Museum names record number of species in Memoirs honouring Leichhardt

24 October 2013

The translucent Leichhardt’s vanishing thrip, Leichhardtithrips evanidus, is a new genus and a new species. Highly appropriate considering the mysterious disappearance of Ludwig Leichhardt.A computed tomography scan of Leichhardt's Velvetfish

Jelly-bean goblin spiders, vanishing thrips, land snails and a dung beetle are just a handful of the record number of new species Queensland Museum scientists have named in the latest volume of the Memoirs of the Queensland Museum launched on the 200th anniversary of the birth of German explorer Ludwig Leichhardt.

This is one of three volumes of the Memoirs the Queensland Museum has produced to mark the Leichhardt bicentennial on 23 October.

Two of the Memoirs dedicated to Leichhardt describe his exploits and achievements through his diaries, while the third is dedicated to Leichhardt as a natural historian.

Of the 155 species described in the Memoirs, 123 are entirely new to science and 16 have been named after Leichhardt including thrips, spiders, fish, beetles, a leafhopper, millipede, pseudoscorpion, snails, weavers and worms.

Queensland Museum Network CEO Professor Suzanne Miller said the sheer volume of new species described is a testament to the hard work and dedication of the Queensland Museum’s scientists and collaborative partners.

“With about 70 per cent of Australia’s invertebrate fauna still undescribed, we are at the beginning of a golden age of exploration and discovery, just like Ludwig Leichhardt,” Professor Miller said.

“In the space of 12 months, Queensland Museum scientists and international collaborators have named nine new genera and 123 new species.

“This is a phenomenal achievement and a significant milestone for the Queensland Museum as it is the most new species and genera described in a single volume of the Memoirs in its 101 year history.”

Ludwig Leichhardt was a man who loved to explore frontier country outback and pushed the limits of established knowledge, offering scientific insights into wildlife and biodiversity.

All the Leichhardt-inspired species were discovered in Australia and are predominantly found in Queensland where the explorer conducted his most successful expedition from Brisbane to Port Essington in the Northern Territory in 1844-1845.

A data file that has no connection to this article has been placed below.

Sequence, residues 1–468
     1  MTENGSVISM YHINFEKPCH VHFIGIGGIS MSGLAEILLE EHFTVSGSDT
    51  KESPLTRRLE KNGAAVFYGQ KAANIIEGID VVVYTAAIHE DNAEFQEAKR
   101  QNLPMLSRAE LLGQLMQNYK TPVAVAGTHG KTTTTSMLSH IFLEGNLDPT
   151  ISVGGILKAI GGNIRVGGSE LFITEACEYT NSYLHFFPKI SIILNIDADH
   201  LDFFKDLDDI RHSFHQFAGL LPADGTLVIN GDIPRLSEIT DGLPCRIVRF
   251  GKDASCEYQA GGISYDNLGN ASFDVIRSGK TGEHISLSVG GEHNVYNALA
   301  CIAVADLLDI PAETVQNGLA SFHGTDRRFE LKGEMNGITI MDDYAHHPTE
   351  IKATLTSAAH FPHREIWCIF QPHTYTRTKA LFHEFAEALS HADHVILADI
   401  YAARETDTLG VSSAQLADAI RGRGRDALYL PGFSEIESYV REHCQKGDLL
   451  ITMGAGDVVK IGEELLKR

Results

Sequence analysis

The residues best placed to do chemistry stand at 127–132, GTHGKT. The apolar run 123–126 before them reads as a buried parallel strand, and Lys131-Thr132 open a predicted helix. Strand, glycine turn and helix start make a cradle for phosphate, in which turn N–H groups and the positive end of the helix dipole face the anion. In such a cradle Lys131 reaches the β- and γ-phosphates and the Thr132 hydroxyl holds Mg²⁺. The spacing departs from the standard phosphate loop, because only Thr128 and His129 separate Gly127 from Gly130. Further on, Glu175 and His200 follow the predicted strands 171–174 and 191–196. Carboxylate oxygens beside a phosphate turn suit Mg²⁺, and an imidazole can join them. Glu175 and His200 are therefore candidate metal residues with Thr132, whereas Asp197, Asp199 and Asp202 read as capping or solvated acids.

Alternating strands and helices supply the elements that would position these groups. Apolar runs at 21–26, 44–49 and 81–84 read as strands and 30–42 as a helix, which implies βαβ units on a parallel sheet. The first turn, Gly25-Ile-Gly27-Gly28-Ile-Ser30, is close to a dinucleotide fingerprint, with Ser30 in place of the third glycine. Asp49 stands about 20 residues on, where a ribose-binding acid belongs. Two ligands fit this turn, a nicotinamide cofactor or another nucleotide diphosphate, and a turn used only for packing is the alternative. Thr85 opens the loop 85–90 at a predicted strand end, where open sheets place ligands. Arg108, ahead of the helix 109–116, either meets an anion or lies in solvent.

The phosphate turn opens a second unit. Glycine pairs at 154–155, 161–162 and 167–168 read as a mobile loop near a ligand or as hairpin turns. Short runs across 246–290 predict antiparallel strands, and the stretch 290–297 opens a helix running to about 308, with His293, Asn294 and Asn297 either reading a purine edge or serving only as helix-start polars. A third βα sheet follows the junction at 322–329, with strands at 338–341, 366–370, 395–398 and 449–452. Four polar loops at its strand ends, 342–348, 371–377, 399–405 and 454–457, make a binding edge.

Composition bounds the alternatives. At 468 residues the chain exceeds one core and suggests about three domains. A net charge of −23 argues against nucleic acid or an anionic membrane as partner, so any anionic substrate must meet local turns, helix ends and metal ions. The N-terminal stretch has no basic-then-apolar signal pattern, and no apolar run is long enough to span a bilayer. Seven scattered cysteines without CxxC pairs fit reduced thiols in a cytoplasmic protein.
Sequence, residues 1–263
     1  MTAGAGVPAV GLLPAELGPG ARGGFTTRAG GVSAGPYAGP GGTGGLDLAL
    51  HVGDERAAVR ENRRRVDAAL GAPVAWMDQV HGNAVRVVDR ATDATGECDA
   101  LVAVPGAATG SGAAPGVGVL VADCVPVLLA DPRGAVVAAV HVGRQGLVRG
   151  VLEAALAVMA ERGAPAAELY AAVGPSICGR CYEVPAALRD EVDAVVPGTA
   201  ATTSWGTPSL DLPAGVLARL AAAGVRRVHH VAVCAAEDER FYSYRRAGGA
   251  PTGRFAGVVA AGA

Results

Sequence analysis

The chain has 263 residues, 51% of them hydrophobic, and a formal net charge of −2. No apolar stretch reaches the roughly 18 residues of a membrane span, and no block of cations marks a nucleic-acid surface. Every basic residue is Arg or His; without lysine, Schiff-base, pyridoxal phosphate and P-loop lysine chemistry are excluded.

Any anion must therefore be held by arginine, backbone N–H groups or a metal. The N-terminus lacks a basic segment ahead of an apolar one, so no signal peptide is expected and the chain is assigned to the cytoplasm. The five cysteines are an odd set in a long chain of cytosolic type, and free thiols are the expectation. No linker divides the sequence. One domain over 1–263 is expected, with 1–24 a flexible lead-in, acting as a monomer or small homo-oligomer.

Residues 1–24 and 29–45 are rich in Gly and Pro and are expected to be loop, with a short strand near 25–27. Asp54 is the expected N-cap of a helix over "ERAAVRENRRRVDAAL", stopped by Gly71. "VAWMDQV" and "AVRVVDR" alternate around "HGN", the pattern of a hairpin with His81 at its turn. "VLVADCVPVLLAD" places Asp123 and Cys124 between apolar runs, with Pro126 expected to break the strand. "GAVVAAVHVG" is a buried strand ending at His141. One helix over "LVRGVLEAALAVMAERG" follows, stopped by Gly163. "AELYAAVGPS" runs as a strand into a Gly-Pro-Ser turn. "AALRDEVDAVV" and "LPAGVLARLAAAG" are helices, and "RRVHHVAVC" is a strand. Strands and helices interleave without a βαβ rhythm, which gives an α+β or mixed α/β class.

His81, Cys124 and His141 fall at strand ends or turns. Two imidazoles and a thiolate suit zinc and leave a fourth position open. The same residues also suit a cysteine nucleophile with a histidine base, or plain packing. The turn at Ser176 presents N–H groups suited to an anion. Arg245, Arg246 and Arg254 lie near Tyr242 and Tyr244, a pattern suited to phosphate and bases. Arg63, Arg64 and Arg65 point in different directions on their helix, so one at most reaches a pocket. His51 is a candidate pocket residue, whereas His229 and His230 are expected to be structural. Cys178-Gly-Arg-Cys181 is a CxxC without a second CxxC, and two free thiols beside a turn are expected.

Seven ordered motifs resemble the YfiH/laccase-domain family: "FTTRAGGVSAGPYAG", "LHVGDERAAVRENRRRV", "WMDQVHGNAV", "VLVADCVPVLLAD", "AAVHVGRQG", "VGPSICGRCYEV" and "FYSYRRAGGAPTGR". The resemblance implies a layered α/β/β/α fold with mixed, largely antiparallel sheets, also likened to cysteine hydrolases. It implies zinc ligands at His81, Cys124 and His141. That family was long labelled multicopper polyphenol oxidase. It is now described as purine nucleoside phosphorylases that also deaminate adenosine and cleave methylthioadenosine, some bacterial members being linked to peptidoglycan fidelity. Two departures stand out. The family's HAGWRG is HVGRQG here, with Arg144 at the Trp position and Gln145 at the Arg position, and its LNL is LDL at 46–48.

For more information about the Memoirs of the Queensland Museum visit qm.qld.gov.au

The newly described taxa include:

Seven new genera (groups of species) from Queensland of which 2 genera are named after Leichhardt:

1 new Thrips Genus Leichhardtithrips gen nov.(Leichhardt’s vanishing thrips)
1 new Swift Spider Genus Leichhardteus gen. nov.

2 new Millipede Genera
1 new Snail Genus
2 new Checkered Beetle Genera

16 new species named after Ludwig Leichhardt including:

Kanekonialeichhardti (Velvet fish) seems to be rare and endemic to the waters of the Gulf of Carpentaria

Coptoglossusleichhardti (Carabid Beetle) a new type of ground beetle found in Queensland.

Hautenerusleichhardti(Clerid Beetle) part of two new genera of checkered beetles (Cleridae).

Onthophagusleichhardti(Dung Beetle)five new species of the scarabaeine dung beetle genus OnthophagusLatreille 1802, are described in the Onthophagusposticus-group, from Queensland and New South Wales and includes Onthophagusleichhardti.

Hishimonusleichhardti (Leafhopper) Leafhoppers are small jumping insects feeding on plant sap.

Leichhardtithripsevanidus (Thrips) The rare, translucent vanishing thrips are a wingless, fungus-feeding species from the D’Aguilar National Park in Brisbane.

Eungellosomaleichhardti (millipede)part of two new genera of millipeds.

Pseudotyrannochthoniusleichhardti (Pseudoscorpion) is endemic to the Warrumbungle Range in New South Wales. This species is particularly important as it is discovered in the same area where the young Ludwig Leichhardt came through on his trip from Newcastle to Brisbane.

Cavisternumleichhardti (hollow chested Goblin Spiders) one of two new species of the hollow chested goblin spider genus Cavisternum from tropical Australia.

Opopaealeichhardti (jelly-bean Goblin Spiders) one of 71 new species for Australia within the jelly-bean Goblin spiders, with this particular species named after Leichhardt.

Mysmenaleichhardti (Minute Clasping Weavers),the first description of a Mysmenid spiderfrom mainland Australia.

Wydundraleichhardti (Long Spinneret Ground Spiders); one of five new species of the long spinneret bark spider genus Wydundra (Prodidomidae) from northern Queensland, and Northern Territory.

Denhamianaleichhardti (Land Snail) a new species of camaenid land snails from inland mid-eastern Queensland.

Terrisswalkeriusleichhardti (Earthworm) found in the wet tropics of Queensland.

Paradiscogasterleichhardtisp. nov. (Flatworm)The new species is distinguished by its elongate, spindle-shaped body.

Stewartiscthyslecichhardtsp. nov.(Late Cretaceous fossil fish).

2 mite species are named in honour of Leichhardt’s colleagues Adolph Classen and Andrew Hume.
Fedrizziaclasseni - This species is named for Adolph Classen, who was second-in-charge during Leichhardt’s final expedition, but may have survived and lived out his life with the aboriginal people of central Australia.
Fedrizziahumei - This species is named for Andrew Hume, who probably met Adolph Classen after Ludwig Leichhardt’s final expedition failed. Andrew Hume died during his second attempt to relocate the man he thought was Adolph Classen.